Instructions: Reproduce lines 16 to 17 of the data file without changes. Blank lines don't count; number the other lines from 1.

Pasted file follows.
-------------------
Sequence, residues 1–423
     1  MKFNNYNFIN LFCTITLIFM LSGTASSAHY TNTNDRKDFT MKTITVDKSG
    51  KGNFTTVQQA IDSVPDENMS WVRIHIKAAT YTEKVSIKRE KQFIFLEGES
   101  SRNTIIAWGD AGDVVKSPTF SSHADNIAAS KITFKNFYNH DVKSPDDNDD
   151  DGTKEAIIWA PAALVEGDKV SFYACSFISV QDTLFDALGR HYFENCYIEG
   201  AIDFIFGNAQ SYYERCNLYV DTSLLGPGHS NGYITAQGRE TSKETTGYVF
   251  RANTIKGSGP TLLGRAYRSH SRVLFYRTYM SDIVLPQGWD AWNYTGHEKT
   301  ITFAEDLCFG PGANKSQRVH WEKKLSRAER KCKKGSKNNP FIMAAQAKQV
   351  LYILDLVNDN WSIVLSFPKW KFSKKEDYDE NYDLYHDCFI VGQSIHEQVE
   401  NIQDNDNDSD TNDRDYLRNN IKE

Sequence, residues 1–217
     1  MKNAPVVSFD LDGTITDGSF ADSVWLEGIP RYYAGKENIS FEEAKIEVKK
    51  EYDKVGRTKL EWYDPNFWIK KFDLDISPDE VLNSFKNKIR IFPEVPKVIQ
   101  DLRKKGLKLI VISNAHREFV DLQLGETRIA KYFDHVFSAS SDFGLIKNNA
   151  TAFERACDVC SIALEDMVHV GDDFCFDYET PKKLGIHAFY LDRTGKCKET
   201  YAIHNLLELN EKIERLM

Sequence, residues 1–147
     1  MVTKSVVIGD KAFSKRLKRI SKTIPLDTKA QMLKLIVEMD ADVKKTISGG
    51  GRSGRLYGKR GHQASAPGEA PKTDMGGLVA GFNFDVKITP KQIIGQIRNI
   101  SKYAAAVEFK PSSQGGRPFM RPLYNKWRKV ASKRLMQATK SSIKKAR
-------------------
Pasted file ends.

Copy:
   201  YAIHNLLELN EKIERLM

Sequence, residues 1–147